A warming Arctic weakens the temperature difference between the tropics and the poles meaning less precipitation, weaker cyclones and weaker mid-latitude westerly wind flow — a recipe for prolonged drought.
- Cody C. Routson, Nicholas P. McKay, Darrell S. Kaufman, Michael P. Erb, Hugues Goosse, Bryan N. Shuman, Jessica R. Rodysill, Toby Ault. Mid-latitude net precipitation decreased with Arctic warming during the Holocene. Nature, 2019; DOI: 10.1038/s41586-019-1060-3
When the Arctic warmed after the ice age 10,000 years ago, it created perfect conditions for drought. The temperature difference between the tropics and the poles drives a lot of weather. When those opposite temperatures are wider, the result is more precipitation, stronger cyclones and more robust wind flow. However, due to the Arctic ice melting and warming up the poles, those disparate temperatures are becoming closer.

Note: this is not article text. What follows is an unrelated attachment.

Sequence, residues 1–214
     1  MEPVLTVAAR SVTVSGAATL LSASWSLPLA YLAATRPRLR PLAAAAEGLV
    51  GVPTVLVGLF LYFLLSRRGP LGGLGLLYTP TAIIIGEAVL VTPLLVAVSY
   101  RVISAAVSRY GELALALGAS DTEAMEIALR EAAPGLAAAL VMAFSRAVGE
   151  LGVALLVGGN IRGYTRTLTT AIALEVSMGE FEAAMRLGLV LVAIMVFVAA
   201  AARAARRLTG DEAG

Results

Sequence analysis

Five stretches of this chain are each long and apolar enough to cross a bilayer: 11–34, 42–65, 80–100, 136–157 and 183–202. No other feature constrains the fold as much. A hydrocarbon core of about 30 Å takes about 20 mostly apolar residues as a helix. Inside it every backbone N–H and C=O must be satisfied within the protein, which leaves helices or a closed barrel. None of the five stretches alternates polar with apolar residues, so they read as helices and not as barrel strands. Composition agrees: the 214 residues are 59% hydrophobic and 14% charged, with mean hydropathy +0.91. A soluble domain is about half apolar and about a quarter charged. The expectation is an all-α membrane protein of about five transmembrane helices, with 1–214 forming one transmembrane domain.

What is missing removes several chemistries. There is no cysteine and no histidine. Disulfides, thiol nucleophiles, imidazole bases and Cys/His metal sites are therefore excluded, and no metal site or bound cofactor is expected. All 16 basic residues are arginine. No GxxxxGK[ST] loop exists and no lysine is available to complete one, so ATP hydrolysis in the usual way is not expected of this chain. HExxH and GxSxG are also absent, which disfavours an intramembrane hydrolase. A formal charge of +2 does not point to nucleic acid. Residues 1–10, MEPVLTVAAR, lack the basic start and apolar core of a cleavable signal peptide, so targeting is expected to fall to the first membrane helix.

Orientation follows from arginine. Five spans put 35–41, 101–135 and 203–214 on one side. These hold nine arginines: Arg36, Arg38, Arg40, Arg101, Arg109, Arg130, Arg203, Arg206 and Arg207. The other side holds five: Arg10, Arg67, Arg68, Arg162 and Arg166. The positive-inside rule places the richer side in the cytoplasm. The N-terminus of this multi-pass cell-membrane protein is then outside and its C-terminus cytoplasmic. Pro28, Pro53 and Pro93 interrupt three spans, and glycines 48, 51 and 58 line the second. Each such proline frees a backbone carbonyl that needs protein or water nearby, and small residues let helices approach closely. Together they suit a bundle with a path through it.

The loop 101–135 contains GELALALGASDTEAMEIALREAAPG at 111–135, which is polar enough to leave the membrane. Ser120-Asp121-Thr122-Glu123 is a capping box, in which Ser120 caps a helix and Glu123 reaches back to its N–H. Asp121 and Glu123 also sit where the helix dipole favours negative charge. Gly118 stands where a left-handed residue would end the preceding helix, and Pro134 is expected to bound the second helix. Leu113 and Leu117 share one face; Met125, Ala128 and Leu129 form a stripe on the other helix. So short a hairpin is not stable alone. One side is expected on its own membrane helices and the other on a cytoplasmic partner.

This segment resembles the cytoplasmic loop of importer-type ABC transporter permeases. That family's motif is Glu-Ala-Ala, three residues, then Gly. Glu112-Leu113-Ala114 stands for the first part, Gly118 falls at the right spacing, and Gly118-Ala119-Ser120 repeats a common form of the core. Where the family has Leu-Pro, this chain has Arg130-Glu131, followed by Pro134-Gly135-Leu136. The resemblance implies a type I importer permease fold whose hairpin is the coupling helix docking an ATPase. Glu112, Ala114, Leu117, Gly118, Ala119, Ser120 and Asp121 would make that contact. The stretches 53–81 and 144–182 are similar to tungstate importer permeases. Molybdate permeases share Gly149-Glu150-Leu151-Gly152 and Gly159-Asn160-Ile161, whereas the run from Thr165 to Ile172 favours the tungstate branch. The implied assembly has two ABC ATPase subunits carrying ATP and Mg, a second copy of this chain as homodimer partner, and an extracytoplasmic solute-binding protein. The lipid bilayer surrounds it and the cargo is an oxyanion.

“Our analysis shows that, when the Arctic is warmer, the jet stream and other wind patterns tend to be weaker,” says Bryan Shuman, a UW professor in the Department of Geology and Geophysics. “The temperature difference in the Arctic and the tropics is less steep. The change brings less precipitation to the mid-latitudes.”….